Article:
Herschel: Exploring the Birth of Stars and Galaxies
Herschel is a European Space Agency mission with significant participation from NASA. It was launched into space from French Guiana in May of 2009, and now orbits a distant point, called the second Lagrange point of our Earth-sun system, about 1.5 million kilometers (930,000 miles) away. Herschel is the largest infrared space telescope ever flown, with a mirror 3.5 meters (11.5 feet) in diameter. It measures infrared light, as does NASA's Spitzer Space Telescope, but the two observatories only partially overlap. Herschel is optimized to detect longer wavelengths in the so-called far-infrared and submillimeter ranges.
Herschel can see the coldest and dustiest objects in space; for example, cool cocoons where stars form and dusty galaxies just starting to bulk up with new stars. The observatory will sift through star-forming clouds -- the "slow cookers" of star ingredients -- to trace the path by which potentially life-forming molecules, such as water, form.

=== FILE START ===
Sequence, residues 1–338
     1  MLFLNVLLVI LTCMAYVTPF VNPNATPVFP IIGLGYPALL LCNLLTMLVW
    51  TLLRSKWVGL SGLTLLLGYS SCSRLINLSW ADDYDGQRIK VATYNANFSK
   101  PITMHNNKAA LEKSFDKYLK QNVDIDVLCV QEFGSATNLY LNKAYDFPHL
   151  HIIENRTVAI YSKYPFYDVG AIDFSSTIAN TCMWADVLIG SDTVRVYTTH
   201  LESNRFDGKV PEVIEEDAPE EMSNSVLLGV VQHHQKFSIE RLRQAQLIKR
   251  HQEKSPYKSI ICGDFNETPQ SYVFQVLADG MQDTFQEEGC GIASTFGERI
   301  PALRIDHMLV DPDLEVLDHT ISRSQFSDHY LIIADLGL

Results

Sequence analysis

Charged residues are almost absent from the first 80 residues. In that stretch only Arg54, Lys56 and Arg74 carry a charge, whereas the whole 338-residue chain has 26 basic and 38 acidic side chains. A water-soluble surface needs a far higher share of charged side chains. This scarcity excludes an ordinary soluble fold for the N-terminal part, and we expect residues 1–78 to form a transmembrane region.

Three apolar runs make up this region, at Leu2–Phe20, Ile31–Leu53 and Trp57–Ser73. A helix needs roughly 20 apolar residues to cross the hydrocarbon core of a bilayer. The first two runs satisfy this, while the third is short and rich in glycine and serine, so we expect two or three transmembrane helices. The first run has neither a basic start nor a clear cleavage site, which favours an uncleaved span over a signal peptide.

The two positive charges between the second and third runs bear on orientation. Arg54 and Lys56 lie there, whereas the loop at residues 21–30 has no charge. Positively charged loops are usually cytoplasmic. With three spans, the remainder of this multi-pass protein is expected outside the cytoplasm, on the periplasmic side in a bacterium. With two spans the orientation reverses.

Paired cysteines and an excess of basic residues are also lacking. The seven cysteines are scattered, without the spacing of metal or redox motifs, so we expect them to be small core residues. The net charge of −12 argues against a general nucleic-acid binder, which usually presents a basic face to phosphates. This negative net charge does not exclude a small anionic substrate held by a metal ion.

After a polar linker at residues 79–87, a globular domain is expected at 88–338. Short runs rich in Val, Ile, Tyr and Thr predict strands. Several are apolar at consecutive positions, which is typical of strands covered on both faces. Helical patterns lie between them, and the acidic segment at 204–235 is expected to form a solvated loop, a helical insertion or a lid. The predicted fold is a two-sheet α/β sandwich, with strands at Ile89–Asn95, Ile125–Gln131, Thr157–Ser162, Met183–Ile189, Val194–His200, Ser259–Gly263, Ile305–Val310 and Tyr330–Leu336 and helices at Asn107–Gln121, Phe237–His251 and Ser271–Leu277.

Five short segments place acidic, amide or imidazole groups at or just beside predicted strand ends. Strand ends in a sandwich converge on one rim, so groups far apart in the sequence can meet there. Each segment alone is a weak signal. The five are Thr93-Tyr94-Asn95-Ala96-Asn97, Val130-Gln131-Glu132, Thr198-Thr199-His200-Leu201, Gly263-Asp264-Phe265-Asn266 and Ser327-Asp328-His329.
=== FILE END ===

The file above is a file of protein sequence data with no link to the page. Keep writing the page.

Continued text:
NASA played a key role in the development of two of the mission's three instruments, and will make important contributions to data and science analyses. NASA's Jet Propulsion Laboratory in Pasadena, Calif., developed and built the "spider web" bolometers for Herschel's spectral and photometric imaging receiver (SPIRE) instrument, which are 40 times more sensitive than previous versions. It also developed and built mixers, local oscillator chains and power amplifiers for the heterodyne instrument for the far infrared (HIFI).
The NASA Herschel Science Center, part of the Infrared Processing and Analysis Center at the California Institute of Technology, also in Pasadena, has contributed science planning and data analysis software. The United States astronomical community, with the support of the NASA Herschel Science Center, competes for time on Herschel and thus will contribute greatly to the mission's science.